The Ballad of Buster Scruggs, 2018.
Directed by Joel and Ethan Coen.
Starring Tim Blake Nelson, Liam Neeson, Brendan Gleeson, Tom Waits, Harry Melling, Zoe Kazan, James Franco, Bill Heck, Grainger Hines, Chelcie Ross, and Jonjo O’Neill.
Six stories make up Joel and Ethan Coen’s Western anthology epic, taking in everything from singing cowboys, gold in them there hills, a wagon train, and even a hint of Wild West Horror.
The Coen Brothers return to the dusty plains of America, a landscape that served them well with True Grit, to weave this six shooter tale of American morality, which unsurprisingly is inconsistent, but because it’s filtered through their own inimitable lens, always remains a fascinating watch.
It doesn’t help when you swing open the saloon doors with your strongest section. Using that classic genre trope of a book being opened, our first chapter is ‘The Ballad of Buster Scruggs’. A vignette in which Tim Black Nelson’s titular singing cowboy smiles his way through a western canvas that looks like an old-school studio backdrop. It’s a delightfully silly segment, peppered with moments of creative genius – Buster’s dust shadow as he taps his suit, a shot from inside the drum of his guitar – which comes across as a mix between Roy Rogers and Deadpool. There’s a palpable sense of disappointment when it finishes.
It’s exacerbated by the fact the story which immediately follows it – James Franco’s bank robber segment ‘Near Algodones’ – is so humdrum in comparison, but at least that’s the shortest part of this anthology.
We then have the most maudlin tale, ‘Meal Ticket’, in which Liam Neeson’s Impresario carts Harry Melling’s quadruple amputee performer around the bleakest corners of this world to earn some coin. There’s an unsettling sadness to the story, but it’s quite a repetitive, underwhelming execution of it.
The complete antithesis of this is the absolutely stunning way in which the Coen’s shoot the Tom Wait’s starring ‘All Gold Canyon’. A one man and his donkey journey into a valley as he pans for gold. It’s a sequence that makes BBC’s Planet Earth look slapdash, as butterflies dance among the flowers, fry gather in the shallows, and the breathtaking scope of the canyon is framed through a deer’s antlers. The fact it contains the best performance by an owl outside of Hundred Acre Wood is a bonus.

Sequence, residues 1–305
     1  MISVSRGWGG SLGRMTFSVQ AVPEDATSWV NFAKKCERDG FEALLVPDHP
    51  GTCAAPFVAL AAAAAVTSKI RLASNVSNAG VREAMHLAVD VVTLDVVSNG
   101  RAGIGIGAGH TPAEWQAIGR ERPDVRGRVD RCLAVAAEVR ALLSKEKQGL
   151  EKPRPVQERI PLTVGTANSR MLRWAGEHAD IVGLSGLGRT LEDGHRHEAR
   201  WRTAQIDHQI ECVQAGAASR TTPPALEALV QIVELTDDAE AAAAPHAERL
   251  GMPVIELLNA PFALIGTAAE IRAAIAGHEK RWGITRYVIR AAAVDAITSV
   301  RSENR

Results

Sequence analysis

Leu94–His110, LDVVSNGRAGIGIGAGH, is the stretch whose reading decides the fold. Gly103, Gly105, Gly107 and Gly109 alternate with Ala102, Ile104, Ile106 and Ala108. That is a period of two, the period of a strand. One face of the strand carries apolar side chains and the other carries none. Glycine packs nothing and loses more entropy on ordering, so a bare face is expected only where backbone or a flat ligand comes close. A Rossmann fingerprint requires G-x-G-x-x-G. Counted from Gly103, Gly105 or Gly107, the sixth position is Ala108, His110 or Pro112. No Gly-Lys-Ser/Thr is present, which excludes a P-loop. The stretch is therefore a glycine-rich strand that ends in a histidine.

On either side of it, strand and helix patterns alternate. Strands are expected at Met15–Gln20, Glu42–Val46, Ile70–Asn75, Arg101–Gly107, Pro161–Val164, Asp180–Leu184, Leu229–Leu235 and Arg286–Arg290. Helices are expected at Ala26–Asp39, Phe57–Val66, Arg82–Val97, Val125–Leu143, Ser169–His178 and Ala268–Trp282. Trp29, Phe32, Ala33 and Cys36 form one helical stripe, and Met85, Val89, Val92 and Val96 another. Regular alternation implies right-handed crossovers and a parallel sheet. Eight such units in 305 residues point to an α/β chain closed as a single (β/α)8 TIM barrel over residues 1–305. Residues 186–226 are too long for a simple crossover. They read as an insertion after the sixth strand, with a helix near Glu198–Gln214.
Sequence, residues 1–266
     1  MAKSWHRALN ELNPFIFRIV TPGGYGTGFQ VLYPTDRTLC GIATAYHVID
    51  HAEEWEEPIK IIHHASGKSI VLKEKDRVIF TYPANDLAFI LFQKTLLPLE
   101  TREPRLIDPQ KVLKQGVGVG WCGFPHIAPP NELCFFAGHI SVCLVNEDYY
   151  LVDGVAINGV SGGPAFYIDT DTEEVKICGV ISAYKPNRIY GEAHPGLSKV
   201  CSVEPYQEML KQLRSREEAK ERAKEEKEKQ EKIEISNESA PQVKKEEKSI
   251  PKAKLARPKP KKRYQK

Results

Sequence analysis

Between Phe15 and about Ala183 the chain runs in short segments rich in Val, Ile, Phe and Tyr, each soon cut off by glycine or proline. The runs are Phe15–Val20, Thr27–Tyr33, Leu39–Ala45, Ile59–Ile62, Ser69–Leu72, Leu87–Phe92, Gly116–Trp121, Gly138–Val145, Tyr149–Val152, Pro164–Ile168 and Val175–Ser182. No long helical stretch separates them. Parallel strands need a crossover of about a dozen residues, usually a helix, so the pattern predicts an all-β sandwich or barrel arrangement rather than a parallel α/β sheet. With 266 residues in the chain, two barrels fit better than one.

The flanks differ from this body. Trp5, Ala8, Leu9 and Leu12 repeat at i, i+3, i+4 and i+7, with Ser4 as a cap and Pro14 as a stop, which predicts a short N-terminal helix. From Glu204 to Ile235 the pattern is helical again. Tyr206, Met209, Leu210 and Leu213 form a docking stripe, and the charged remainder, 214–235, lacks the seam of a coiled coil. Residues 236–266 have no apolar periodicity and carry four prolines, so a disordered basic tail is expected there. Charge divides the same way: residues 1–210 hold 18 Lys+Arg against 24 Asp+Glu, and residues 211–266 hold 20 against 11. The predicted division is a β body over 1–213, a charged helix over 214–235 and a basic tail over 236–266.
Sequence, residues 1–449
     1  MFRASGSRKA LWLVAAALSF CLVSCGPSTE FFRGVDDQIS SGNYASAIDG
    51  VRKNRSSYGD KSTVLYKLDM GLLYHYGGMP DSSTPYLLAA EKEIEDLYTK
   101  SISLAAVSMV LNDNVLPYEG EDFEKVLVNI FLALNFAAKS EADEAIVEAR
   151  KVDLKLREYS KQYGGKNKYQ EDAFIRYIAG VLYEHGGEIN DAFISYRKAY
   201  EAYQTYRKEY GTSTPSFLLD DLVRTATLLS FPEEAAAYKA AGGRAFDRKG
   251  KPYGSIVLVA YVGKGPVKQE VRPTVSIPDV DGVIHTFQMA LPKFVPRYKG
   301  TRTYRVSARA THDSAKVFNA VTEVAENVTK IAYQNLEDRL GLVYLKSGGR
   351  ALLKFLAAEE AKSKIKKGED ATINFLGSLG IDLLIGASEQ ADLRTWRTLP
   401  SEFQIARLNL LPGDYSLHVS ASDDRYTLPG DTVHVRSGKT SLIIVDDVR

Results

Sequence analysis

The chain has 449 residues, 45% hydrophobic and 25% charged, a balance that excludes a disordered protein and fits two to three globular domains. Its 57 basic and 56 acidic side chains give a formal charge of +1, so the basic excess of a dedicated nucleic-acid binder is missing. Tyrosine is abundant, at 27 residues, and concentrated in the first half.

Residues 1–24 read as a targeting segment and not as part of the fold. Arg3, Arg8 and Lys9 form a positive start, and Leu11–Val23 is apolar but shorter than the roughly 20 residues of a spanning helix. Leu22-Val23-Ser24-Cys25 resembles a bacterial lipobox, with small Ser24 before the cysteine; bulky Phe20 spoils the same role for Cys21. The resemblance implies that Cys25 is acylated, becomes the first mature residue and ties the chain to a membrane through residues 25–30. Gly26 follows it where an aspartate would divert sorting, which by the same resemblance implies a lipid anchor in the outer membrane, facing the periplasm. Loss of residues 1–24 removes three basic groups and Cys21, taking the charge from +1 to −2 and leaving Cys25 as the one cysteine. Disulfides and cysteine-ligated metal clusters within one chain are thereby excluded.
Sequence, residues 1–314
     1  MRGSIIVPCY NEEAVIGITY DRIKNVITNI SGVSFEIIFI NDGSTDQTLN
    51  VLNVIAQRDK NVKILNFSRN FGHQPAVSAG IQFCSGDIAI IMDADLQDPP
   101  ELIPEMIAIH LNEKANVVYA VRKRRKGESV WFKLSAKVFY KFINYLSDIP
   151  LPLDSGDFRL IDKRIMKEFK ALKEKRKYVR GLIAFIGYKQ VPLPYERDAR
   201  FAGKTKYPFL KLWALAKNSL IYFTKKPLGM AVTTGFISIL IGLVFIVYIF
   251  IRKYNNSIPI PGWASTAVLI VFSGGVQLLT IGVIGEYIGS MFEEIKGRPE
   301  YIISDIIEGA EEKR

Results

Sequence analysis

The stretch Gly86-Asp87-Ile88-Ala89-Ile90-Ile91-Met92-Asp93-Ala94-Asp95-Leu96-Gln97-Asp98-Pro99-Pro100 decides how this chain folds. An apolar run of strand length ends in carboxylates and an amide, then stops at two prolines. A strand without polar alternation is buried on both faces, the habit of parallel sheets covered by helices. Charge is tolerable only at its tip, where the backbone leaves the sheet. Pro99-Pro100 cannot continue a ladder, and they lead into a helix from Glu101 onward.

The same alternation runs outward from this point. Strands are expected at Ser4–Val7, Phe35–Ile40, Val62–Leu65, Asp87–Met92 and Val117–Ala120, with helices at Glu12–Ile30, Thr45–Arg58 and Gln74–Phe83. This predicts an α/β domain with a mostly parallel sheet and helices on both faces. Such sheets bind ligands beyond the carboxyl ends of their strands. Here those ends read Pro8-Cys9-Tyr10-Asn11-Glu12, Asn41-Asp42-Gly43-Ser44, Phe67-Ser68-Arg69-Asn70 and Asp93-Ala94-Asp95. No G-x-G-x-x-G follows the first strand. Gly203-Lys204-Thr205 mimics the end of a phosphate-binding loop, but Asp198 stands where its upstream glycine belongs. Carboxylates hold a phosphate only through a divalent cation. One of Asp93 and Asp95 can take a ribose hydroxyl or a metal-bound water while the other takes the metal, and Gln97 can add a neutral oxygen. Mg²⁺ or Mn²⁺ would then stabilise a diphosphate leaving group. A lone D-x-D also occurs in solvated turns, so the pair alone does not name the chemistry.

Up until this point in The Ballad of Buster Scruggs, there has been disposable feel to the stories. Sure they’re layered with subtext about the American dream, the nature of humans, and the fear of death, but it’s not until the Zoe Kazan (excellent) centric ‘The Gal Who Got Rattled” that we get any meaningful characters worth caring about. It’s a section which, a lot like the opening sequence, makes you wish the Coen’s had made an entire film with just these people. A sweeping wagon train story that’s imbued with the kind of Western romanticism that was the foundation of the genre.
It bows out with a Hateful Eight style wagon monologue merry-go-round, which stirs in a gothic horror element to proceedings, but doesn’t close the book on the most memorable page.
Part pastiche, part parody, The Ballad of Buster Scruggs might benefit from it’s Netflix bow later in the year. The lavish cinematography will be diminished, but for a film which feels like a binge-watch series, it might be the most perfect way to consume this entertaining medley.
Flickering Myth Rating – Film ★ ★ ★ / Movie ★ ★ ★
Matt Rodgers – Follow me on Twitter @mainstreammatt